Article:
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Type 2 Overview

Type 2 Diabetes

Life doesn’t end with type 2 diabetes.

Your best days lay ahead—and that’s why we’re here.
type 2

Maybe you’ve just been diagnosed with type 2 diabetes. Or maybe you’ve been living with it for awhile.

Here’s the thing: your journey is unique and it starts fresh every day.

No matter where you are with type 2 diabetes, there are some things you should know. It's the most common form of diabetes. Type 2 means that your body doesn't use insulin properly. And while some people can control their blood sugar levels with healthy eating and exercise, others may need medication or insulin to manage it. Regardless, you have everything you need to fight it. Not sure where to start? Learn how type 2 diabetes is diagnosed.

Male Doctor and Male Patient

Every type 2 journey is unique

There’s no one-size-fits-all treatment for type 2, but we can help you take each step forward. You have tools. You have resources, friends, and healthcare providers. Whatever step you take next, know that you won't take it alone.

Put the right fuel in your body

A huge part of managing type 2 diabetes is developing a healthy diet. You need to eat something sustainable that helps you feel better and still makes you feel happy and fed. Remember, it’s a process. Work to find helpful tips and diet plans that best suit your lifestyle—and how you can make your nutritional intake work the hardest for you.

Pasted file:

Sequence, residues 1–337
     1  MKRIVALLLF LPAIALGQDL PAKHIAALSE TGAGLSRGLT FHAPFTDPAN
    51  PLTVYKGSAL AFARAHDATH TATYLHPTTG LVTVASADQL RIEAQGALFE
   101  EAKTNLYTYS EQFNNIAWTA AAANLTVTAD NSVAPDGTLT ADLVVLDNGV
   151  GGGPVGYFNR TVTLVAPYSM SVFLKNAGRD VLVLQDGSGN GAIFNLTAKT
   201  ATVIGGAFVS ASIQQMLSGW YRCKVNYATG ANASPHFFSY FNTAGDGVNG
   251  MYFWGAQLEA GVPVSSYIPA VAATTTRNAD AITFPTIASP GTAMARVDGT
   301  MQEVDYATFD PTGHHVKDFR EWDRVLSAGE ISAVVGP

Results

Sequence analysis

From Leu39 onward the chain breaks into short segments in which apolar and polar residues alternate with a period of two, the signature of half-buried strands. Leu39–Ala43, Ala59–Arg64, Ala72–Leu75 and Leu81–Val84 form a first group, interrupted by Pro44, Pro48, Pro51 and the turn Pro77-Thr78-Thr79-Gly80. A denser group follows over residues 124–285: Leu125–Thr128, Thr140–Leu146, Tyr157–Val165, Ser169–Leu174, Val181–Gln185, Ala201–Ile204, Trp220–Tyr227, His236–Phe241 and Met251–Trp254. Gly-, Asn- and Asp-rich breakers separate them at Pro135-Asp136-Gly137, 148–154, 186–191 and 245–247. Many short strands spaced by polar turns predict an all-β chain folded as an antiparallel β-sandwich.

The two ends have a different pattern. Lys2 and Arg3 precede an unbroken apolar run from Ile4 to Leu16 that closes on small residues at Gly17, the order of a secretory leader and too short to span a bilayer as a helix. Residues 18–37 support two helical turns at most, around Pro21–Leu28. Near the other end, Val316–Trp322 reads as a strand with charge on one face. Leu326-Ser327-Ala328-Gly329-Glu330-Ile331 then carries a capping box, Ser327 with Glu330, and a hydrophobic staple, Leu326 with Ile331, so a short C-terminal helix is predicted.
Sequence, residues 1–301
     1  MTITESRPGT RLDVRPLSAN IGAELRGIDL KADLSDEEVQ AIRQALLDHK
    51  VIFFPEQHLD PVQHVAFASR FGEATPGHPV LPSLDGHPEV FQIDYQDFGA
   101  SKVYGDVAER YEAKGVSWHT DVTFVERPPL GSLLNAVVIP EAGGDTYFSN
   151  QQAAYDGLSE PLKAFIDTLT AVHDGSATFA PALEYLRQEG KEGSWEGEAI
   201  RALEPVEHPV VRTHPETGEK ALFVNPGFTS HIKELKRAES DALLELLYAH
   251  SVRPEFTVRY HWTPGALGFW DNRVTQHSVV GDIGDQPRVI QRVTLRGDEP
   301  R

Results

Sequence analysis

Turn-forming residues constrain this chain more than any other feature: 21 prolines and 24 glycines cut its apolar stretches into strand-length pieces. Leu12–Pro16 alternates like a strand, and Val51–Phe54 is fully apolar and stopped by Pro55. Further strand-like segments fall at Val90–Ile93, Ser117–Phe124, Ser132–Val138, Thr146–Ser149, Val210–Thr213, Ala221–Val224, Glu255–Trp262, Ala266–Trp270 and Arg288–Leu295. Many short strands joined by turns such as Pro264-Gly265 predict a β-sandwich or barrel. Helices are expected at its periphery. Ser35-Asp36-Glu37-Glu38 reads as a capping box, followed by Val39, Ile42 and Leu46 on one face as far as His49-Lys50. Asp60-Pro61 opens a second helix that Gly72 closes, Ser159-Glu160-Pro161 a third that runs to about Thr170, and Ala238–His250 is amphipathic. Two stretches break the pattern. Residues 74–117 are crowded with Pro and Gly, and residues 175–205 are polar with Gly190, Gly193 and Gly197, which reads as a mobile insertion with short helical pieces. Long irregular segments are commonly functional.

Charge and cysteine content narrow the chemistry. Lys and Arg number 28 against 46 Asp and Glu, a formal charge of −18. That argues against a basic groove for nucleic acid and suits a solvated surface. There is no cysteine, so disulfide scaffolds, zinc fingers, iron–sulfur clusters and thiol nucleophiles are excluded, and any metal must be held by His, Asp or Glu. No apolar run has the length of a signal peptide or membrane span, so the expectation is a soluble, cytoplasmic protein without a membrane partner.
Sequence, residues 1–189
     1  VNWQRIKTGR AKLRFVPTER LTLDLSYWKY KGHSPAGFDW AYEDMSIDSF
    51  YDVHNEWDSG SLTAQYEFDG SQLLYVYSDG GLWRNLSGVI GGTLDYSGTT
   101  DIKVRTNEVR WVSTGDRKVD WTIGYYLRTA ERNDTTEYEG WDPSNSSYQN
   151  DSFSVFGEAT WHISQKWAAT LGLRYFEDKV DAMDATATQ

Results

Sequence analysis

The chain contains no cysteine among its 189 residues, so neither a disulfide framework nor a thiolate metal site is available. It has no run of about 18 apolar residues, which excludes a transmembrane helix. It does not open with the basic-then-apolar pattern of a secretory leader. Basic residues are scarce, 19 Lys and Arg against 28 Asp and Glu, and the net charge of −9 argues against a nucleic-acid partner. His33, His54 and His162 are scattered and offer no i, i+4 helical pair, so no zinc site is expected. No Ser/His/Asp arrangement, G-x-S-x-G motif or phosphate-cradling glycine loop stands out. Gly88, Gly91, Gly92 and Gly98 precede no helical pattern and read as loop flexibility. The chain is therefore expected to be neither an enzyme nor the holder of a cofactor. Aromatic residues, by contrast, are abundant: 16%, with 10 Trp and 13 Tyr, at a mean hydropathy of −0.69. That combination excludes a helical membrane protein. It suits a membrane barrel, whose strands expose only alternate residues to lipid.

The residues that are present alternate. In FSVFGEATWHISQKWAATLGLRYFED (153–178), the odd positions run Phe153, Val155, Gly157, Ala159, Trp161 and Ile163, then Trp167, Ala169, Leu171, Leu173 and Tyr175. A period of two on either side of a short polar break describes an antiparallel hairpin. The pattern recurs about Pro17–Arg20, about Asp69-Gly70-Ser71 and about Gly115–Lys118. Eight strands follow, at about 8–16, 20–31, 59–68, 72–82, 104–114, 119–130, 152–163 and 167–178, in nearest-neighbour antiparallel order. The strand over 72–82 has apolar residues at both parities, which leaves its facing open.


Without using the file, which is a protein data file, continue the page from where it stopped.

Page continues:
Get moving with a fitness plan

Fitness is a key part of managing type 2. And the good news, all you have to do is get moving. You don’t have to become an ultra-marathoner. You can start slowly with a walk around the block or a simple bike ride. The key is to find activities you love and do them as often as you can.


Here’s how you can get started:

  • Work with your doctor to determine what level of physical activity you should engage in
  • Figure out how much time per day you can devote to exercise
  • Set fitness goals—having clear goals can help you stay motivated
  • Consider where you’ll start working out—the gym, in your neighborhood, in a park?
  • Build different activities into your daily routine
  • Start slowly and allow for recovery time
  • Keep track of what you do and stay focused on your goals
  • Listen to your body

Move to feel better

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